The PBGC issued a final rule implementing relief for penalties resulting from late payment of premiums. The final rule implements the changes reflected in the proposed rule published in April.Under the final rule, if the plan sponsor corrects the delinquency before being notified by the PBGC, the plan would be responsible for a monthly penalty of 0.5 percent of the late premium amount and, if the plan corrects the delinquency after being notified by the PBGC, it would be responsible for a monthly penalty premium of 2.5 percent. These penalties are reduced from 1 percent and 5 percent, respectively. In addition, if the sponsor has a good payment history and pays promptly after receiving the PBGC notice, the PBGC will waive 80 percent of the 2.5 percent penalty payment. Read the final rule.
PBGC Missing Participant Program to Include 401(k) Plans and Certain Other Plans That Terminate after 2017
The PBGC issued a proposed rule that would expand its existing missing participants program to cover terminated defined contribution plans, such as 401(k) and profit-sharing plans, as well as certain other plans not currently covered under the program, that voluntarily elect to participate. Under the program, for a low one-time fee, and following a diligent search, the terminating plan may transfer the account balances or accrued benefits of all missing participants to the PBGC. The PBGC will then maintain a centralized, online searchable directory of the missing participants and periodically search for the missing participants. In the proposed rule, the PBGC also modifies the criteria for a participant to be considered ”missing” and provides specific diligent search rules for plans to attempt to locate missing participants. Read the proposed rule.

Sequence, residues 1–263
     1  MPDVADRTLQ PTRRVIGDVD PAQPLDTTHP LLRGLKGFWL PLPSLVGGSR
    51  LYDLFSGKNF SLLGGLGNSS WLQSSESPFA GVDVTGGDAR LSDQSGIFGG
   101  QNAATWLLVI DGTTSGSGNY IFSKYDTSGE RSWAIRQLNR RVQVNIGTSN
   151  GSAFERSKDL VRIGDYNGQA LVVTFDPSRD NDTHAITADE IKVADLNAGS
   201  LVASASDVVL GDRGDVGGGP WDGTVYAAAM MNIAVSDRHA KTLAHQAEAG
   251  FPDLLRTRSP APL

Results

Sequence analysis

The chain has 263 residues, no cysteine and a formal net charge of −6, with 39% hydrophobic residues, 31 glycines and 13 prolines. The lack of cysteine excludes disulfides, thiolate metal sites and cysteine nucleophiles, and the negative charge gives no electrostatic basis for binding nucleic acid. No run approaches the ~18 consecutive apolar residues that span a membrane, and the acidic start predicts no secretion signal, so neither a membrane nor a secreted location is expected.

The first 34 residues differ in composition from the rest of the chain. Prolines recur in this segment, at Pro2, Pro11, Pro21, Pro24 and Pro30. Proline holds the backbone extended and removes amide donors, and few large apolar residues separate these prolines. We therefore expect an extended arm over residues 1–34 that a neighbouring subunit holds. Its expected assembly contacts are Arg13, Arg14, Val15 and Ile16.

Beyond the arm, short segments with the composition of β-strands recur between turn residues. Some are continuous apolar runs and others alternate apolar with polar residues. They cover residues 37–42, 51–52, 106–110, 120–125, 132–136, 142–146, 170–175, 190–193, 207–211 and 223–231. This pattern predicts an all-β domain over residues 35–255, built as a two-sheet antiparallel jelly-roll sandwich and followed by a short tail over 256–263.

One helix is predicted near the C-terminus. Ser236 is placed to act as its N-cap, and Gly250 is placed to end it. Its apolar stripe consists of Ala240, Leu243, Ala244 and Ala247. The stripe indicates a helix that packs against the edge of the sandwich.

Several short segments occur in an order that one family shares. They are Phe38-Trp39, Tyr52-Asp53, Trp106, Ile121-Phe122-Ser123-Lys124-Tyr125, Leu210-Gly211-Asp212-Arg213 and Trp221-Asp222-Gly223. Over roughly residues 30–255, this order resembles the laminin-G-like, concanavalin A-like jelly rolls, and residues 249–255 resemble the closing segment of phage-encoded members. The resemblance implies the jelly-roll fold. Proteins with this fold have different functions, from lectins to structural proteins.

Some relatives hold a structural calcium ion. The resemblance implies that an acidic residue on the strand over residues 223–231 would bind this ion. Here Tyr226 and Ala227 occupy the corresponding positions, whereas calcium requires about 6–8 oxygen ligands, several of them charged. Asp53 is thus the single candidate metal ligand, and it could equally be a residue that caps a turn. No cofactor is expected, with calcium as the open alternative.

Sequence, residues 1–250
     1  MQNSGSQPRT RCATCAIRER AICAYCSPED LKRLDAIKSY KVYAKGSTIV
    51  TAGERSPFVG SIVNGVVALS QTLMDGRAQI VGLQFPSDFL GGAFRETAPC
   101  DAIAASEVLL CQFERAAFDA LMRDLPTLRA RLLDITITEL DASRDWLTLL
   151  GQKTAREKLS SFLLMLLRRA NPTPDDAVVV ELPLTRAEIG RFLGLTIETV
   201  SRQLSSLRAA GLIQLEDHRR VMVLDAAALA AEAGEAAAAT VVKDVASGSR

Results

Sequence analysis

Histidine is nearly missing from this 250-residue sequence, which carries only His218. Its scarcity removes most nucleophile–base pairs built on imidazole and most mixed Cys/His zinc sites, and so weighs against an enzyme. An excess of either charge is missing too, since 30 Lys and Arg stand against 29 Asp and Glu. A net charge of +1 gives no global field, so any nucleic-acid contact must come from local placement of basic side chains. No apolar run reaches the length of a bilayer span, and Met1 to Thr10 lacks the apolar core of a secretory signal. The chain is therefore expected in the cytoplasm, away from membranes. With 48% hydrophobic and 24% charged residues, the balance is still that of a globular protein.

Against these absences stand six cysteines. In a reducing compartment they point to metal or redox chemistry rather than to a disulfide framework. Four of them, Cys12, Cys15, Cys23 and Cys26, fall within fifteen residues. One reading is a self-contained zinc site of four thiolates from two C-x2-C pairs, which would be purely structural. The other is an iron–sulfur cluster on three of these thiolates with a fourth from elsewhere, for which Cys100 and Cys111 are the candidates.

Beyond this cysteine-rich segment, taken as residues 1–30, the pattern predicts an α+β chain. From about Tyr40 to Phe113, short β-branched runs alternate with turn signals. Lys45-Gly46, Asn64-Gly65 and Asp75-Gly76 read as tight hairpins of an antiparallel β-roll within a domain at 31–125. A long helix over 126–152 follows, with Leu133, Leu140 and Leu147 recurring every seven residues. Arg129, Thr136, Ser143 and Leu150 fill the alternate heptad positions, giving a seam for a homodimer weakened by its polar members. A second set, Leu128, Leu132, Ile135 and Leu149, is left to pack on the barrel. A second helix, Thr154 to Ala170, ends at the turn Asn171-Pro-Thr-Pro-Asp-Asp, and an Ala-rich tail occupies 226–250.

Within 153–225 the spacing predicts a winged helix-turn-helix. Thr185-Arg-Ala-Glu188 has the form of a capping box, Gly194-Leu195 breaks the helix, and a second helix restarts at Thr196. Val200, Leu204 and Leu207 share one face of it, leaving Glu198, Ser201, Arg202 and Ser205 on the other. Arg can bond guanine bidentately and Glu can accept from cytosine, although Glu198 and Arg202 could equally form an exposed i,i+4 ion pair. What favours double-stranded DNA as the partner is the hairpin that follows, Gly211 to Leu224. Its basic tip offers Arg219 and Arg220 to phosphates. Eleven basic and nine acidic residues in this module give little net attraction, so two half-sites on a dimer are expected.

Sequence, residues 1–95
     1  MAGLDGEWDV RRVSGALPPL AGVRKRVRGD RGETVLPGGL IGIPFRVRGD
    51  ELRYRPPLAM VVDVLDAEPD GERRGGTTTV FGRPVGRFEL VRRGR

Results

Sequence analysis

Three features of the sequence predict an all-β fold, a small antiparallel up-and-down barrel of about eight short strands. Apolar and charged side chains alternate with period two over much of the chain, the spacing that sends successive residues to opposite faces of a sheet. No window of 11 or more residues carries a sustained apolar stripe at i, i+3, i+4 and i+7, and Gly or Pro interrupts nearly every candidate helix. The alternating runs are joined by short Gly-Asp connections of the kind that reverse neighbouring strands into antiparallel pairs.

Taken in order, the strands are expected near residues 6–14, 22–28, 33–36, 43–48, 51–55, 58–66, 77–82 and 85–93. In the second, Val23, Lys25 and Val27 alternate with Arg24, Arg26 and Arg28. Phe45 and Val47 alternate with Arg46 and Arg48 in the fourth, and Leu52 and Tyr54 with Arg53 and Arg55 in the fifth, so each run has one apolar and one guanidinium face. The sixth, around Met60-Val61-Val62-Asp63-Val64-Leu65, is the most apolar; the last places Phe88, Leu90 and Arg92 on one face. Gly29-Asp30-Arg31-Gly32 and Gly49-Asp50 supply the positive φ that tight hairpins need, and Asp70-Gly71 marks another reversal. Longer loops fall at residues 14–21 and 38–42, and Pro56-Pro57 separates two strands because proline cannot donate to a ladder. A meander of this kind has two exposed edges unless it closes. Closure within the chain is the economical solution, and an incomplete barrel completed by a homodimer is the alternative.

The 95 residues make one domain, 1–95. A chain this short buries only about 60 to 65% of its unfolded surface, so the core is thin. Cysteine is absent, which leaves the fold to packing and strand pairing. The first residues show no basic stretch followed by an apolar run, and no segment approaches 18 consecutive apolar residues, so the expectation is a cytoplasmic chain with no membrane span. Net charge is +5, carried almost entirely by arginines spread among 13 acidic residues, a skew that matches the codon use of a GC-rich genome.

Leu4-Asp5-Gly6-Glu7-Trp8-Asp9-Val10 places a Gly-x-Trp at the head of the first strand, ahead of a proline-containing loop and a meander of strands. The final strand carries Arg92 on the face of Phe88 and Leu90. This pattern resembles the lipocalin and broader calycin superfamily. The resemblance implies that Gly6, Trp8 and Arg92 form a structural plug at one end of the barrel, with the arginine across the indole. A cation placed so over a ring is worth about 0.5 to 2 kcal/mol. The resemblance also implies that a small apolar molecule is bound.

A federal judge recently ruled in favor of an employee wellness program charged by the EEOC with violations of the Americans with Disabilities Act (the “ADA“), but for a reason of little future use to employers while simultaneously rejecting what had been one of their best and most successful arguments. In 2014, the EEOC brought civil actions against three separate employers (Orion Energy Systems, Inc.; Flambeau, Inc.; and Honeywell International, Inc.) for alleged violations of the ADA by their employee wellness programs. In Honeywell, the EEOC also alleged violations under the Genetic Information Nondiscrimination Act (“GINA“). All three employers decided to contest the EEOC’s actions. The heavy negative attention given to the EEOC’s enforcement actions in the absence of any regulatory or other formal guidance eventually pressured the EEOC to issue regulations addressing the impact of the ADA and GINA on employer-provided wellness programs, which we addressed in May. On… Continue Reading
The Danish Parliament recently adopted new Section 7P of the Danish Tax Assessment Act to provide, effective July 1, 2016, preferential tax treatment for certain share-based compensation granted to Danish recipients. Similar in concept to ?Ç£incentive stock options?Ç¥ in the United States, under the new legislation, share-based compensation meeting certain requirements is not subject to taxation until the shares acquired in connection with the award are subsequently sold by the recipient. At the time the shares?áare sold, any gain is taxable as capital gains rather than as employment income. In order for Section 7P to apply, the following conditions must be met: Both the employer and employee must agree for Section 7P to apply in the award agreement. The award agreement must specify the nature of the award (e.g., shares, conditional shares, options, terms for receiving the shares, etc.). The value (using Black Scholes for options) must not exceed 10… Continue Reading
Ninth Circuit Holds Disgorgement Remedy Applies Regardless of Personal Misconduct of Issuer?ÇÖs CEO or CFO